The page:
Basically, it should be possible to say hey google turn on fancy heating. Or have it turned on based on conditions like temperature and humidity (builtin sensor in new itho ecofan). Then use automations to optimize for duration etc.

Just keep thinking about this. How about KNX - Home Assistant?
The module uses knx, then some sort of knx ip interface or router seems needed. Not sure what that is… not new in networking (as it is my profession) but never heard of or seen such an animal.


Edit: nevermind the knx thing. Router is as expensive as the heating :crazy_face:

Are you saying that the BAS connector uses knx? Various people from Vasco have confirmed over and over again that it was only a neutral and phase wire.

Back when i was choosing the bas connector, i was assuming it would speak knx, but i soon found out it didn’t. I found that out by speaking to Vasco, as well as inspecting the “unit”, there really seems to be just 2 wires, that’s it. I’d be surprised if the expensive piece of plastic is in fact hiding a print that does knx communication.

Or are you saying that the wifi version is supporting knx?

Knx is one of the more mature platforms for “building automation”, GIRA for example has a complete programme around it. It is very expensive, though. I’m not sure if it would be possible to find knx stuff for cheap and/or easily. And i also don’t know if you only need a network (and probably wifi) for it to work. I.e., if HA can be your knx server.

The wifi module, as far as internet tells me. Vasco can’t tell a thing. The BAS connector is (as anyone tells me) just a piece of expensive plastic with 2 wires. So KNX is set aside by me.

I’ll just have to wait till it is in, teh I will do some digging… until then work with what I know.
(and meanwhile hoping for someone to decrypt the magic evolve wifi box :grin: )

So now I ordered the evolve wifi and BAS connector, as I would like to use its possibilities for telling the heater how much it should heat (not 100% all the time). Knowing how it works and have that integrated in HA as a result.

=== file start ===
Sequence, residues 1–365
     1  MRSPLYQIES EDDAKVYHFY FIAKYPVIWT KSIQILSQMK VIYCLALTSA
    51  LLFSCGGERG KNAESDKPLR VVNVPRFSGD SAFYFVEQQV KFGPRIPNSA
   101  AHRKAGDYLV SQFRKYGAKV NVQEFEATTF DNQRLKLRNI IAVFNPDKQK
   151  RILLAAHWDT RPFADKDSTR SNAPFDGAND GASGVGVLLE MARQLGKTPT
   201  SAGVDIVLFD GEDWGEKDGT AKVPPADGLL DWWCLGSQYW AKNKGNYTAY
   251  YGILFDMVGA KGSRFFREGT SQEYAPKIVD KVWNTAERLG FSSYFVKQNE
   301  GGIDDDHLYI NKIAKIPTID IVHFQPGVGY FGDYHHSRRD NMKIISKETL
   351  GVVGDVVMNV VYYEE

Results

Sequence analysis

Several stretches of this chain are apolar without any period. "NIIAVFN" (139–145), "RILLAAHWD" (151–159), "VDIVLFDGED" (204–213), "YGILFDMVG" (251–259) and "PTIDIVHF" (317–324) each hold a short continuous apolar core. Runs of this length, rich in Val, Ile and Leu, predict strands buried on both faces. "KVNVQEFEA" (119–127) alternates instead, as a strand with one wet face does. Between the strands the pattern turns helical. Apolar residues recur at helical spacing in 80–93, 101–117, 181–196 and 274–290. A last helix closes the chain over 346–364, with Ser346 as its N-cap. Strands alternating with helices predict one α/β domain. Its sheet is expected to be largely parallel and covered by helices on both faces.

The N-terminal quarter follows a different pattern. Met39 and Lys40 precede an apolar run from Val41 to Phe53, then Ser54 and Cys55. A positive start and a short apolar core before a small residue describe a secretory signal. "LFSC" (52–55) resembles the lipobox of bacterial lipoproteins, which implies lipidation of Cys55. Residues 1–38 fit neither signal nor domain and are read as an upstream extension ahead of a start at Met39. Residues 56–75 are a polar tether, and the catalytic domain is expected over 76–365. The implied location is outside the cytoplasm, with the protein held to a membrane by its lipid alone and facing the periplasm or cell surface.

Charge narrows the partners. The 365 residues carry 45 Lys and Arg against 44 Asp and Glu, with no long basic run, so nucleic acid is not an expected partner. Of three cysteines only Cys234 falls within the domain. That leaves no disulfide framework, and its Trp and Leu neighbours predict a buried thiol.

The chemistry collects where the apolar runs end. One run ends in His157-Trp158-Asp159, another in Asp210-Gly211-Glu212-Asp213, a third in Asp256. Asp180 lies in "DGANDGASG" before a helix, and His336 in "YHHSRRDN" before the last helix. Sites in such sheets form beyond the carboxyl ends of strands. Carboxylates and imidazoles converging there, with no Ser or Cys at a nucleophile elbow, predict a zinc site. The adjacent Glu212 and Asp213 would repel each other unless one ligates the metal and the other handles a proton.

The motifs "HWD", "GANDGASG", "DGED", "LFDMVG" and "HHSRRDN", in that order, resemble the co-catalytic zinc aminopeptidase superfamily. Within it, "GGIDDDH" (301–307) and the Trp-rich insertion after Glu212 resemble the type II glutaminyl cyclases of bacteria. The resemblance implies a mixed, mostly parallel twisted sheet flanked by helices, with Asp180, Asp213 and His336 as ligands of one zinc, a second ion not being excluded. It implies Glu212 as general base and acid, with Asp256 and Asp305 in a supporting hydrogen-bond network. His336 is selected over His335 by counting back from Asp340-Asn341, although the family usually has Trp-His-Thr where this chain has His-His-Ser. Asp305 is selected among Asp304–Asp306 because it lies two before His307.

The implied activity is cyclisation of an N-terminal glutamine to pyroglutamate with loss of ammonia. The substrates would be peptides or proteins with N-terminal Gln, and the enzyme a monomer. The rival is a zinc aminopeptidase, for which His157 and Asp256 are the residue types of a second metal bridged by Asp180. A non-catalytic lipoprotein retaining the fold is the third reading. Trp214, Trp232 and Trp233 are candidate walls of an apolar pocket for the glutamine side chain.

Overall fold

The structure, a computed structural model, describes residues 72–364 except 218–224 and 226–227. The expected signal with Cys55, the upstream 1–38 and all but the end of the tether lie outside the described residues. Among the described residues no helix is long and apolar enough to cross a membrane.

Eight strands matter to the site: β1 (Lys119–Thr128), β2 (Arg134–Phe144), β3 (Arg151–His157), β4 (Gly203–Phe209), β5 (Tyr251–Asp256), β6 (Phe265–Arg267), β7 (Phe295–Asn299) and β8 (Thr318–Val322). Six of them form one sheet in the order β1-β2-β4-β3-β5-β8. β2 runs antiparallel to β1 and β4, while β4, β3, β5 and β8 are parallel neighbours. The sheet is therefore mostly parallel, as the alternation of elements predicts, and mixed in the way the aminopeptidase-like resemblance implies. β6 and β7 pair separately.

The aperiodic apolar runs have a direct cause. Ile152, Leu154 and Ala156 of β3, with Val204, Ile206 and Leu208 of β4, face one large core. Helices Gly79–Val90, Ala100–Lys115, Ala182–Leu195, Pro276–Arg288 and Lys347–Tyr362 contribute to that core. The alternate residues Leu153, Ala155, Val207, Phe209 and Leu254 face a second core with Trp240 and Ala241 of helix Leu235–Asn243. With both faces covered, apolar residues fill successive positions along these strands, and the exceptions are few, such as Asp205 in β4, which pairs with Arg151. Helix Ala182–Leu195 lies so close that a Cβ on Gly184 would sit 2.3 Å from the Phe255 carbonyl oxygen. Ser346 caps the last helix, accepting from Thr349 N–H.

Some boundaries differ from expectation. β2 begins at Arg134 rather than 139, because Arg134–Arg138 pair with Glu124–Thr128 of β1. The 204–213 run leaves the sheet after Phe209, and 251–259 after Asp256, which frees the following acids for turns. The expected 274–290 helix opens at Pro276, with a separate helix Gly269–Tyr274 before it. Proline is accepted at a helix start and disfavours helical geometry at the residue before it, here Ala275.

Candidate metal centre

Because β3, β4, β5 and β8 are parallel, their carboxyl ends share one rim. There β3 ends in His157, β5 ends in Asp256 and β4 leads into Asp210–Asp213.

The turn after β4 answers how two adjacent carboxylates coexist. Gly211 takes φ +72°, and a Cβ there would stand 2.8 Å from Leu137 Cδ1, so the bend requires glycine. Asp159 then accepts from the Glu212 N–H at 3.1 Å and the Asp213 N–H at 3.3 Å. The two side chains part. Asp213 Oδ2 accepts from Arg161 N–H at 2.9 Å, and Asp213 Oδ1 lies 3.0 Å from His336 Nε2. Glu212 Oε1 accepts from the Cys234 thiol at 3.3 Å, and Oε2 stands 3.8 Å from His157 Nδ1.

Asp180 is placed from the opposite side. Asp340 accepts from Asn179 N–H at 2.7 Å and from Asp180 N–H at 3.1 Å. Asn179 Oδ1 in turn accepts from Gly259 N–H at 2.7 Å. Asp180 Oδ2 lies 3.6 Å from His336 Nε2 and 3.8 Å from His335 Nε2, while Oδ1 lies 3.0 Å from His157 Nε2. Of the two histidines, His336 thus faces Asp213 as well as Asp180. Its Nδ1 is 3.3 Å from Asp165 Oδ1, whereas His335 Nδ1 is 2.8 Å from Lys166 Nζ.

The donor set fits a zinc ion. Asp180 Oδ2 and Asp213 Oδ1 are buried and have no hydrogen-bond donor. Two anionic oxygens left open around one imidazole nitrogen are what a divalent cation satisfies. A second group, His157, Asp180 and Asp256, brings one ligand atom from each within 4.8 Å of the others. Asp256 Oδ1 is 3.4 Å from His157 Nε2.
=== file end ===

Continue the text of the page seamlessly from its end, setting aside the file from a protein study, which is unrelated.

Connecting the BAS (so not using the evolve wifi module) to a shelly would result in on-off only so 100% or 0%. Correct?

I am not concerned about open windows…

@Pandabeer40 got some data, but it wasn’t the right data. You would really have to use your mobile app (not the unit itself) to invoke commands, then verify that the unit receives them and takes the according action.
Then, you would need to sniff that network traffic to find out what actually happened in terms of http(s?) traffic. You probably stumble across some kind of API call. That would be your starting point for making the complete picture of all the http calls that are possible.

Indeed, as far as I know, connecting the bas connector results in 2 options: on or off.

Actually, i haven’t installed the radiator yet, but i can connect it to power and see it work etc. Maybe that would be convenient.

Vasco has told me that it would result in indeed full blown heating, or no heating at all. So you wouldn’t be able to specify that it should heat at 50% of what it can do or something.

I wonder how that wifi unit works, though. Maybe it will also do full blown heating until the desired temperature is reached? If not, it would be interesting how that module is connected to the radiator, maybe it would be possible to set up the BAS connector to work the same way.
It would probably mean that a simple Shelly (or similar) would then do on/off, but another device could potentially do the desired action where percentages can be involved?